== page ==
Economic growth, poverty, income inequality, trickle down, pro-poor policies


The objective of this study was to investigate if the Tanzania’s economic growth is pro-poor or not. The information for this study was obtained from secondary data. The study found that for the 1991/91 - 2007 period, while economic growth made a notable positive change, reduction in poverty and inequality has not been significant. This was because the growth of the economy was driven by capital intensive sectors which were unable to absorb a good number of job seeker nor did they provide markets for the agriculture produce. In contrast, for the 2007 - 2011/12 period, poverty and inequality declined though disproportionately as economic growth expanded. The reduction in poverty and inequality was attributed to increased education levels, ownership of land and other assets, and access to employment opportunities and basic services and the returns from the endowments. The disproportionate benefits were related to rural status, family size, education level, wage employment and non-farm businesses, access to public infrastracture and internal migration. This study suggest that conscious efforts should be made to ensure that the emerged signs of pro-poor are spread to the majority poor. The study, therefore, recommends policies such as land reforms and strategies to improve land productivity, improve provision and access by the poor to social and economic services, promote off-farm activities, government redistributive measures, adoption of labour intensive techniques particularly for the activities undertaken by the poor and in areas where the majority poor live, and the introduction of safety net programmes.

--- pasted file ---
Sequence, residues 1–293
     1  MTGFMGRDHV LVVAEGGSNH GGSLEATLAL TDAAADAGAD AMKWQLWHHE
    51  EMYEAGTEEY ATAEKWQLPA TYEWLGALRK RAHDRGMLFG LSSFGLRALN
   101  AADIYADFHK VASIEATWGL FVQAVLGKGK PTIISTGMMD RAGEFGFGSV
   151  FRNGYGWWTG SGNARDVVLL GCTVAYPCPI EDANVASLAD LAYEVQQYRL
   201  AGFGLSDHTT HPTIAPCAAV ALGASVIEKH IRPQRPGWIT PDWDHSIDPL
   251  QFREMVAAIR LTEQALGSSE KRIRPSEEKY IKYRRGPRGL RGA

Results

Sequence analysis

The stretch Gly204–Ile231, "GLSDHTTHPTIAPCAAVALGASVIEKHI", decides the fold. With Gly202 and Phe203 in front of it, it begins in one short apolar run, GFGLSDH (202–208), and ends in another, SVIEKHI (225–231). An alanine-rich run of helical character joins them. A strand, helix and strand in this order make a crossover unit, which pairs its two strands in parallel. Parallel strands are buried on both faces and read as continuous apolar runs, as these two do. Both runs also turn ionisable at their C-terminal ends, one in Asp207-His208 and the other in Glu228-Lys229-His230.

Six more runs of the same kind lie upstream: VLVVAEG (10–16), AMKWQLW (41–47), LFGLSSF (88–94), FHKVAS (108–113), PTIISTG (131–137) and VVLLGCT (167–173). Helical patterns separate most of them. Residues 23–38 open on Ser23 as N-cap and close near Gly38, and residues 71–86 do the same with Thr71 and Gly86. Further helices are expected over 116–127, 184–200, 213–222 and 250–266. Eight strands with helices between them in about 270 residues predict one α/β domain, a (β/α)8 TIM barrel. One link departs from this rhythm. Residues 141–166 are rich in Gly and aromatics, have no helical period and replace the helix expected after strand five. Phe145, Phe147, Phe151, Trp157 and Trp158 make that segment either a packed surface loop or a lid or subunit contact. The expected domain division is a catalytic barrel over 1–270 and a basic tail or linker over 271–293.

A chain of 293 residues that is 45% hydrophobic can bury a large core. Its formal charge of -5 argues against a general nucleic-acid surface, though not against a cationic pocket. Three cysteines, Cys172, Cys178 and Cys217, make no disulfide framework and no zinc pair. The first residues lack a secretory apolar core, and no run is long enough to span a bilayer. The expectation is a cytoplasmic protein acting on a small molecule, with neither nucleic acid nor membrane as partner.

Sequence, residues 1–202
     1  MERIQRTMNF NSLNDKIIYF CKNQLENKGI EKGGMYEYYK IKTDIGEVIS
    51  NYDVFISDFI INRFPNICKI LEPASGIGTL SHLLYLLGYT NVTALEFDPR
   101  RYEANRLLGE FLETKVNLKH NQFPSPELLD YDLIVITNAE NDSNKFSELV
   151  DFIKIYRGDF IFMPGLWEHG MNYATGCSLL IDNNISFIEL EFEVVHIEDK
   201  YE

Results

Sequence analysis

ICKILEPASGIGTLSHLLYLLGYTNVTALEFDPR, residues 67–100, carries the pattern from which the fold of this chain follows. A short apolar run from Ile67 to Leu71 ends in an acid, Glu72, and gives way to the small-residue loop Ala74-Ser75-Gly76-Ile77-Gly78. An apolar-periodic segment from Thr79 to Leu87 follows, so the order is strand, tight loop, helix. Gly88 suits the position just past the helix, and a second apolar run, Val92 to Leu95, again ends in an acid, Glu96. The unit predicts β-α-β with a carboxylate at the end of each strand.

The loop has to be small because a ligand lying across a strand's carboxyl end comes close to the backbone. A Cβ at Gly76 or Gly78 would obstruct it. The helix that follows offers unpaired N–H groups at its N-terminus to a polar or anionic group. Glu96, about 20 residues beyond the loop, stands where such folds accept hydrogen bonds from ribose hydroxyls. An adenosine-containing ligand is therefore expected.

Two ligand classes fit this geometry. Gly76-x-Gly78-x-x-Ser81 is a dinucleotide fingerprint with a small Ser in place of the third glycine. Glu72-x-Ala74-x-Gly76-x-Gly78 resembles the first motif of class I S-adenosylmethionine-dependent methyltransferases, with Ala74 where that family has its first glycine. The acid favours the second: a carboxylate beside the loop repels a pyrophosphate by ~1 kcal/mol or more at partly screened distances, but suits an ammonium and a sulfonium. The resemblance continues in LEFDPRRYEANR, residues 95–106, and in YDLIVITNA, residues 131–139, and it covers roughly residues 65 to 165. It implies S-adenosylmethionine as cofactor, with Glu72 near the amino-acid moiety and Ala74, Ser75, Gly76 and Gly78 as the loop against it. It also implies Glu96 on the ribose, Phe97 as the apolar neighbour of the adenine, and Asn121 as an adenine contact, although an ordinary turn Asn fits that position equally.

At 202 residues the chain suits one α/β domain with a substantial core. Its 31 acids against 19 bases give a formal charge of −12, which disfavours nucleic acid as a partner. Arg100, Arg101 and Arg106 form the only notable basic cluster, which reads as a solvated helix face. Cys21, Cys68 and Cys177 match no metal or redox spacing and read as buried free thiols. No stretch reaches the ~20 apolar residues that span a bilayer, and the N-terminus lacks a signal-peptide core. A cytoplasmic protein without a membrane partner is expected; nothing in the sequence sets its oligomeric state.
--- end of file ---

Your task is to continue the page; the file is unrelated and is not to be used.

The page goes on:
2019-09-05 — Updated on 2020-06-22